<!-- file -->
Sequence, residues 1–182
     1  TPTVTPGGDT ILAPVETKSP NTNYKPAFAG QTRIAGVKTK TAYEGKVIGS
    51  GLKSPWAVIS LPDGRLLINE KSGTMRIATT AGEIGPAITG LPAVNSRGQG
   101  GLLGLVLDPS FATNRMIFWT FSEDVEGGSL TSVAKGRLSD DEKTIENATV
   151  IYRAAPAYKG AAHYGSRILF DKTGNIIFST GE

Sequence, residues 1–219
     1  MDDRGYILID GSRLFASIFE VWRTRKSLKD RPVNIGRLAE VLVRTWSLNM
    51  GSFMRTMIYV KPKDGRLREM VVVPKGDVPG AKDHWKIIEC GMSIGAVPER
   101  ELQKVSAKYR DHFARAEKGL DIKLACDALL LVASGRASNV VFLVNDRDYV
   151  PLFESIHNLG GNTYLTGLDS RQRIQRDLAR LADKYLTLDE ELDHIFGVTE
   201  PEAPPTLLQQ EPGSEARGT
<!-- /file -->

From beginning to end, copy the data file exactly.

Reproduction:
Sequence, residues 1–182
     1  TPTVTPGGDT ILAPVETKSP NTNYKPAFAG QTRIAGVKTK TAYEGKVIGS
    51  GLKSPWAVIS LPDGRLLINE KSGTMRIATT AGEIGPAITG LPAVNSRGQG
   101  GLLGLVLDPS FATNRMIFWT FSEDVEGGSL TSVAKGRLSD DEKTIENATV
   151  IYRAAPAYKG AAHYGSRILF DKTGNIIFST GE

Sequence, residues 1–219
     1  MDDRGYILID GSRLFASIFE VWRTRKSLKD RPVNIGRLAE VLVRTWSLNM
    51  GSFMRTMIYV KPKDGRLREM VVVPKGDVPG AKDHWKIIEC GMSIGAVPER
   101  ELQKVSAKYR DHFARAEKGL DIKLACDALL LVASGRASNV VFLVNDRDYV
   151  PLFESIHNLG GNTYLTGLDS RQRIQRDLAR LADKYLTLDE ELDHIFGVTE
   201  PEAPPTLLQQ EPGSEARGT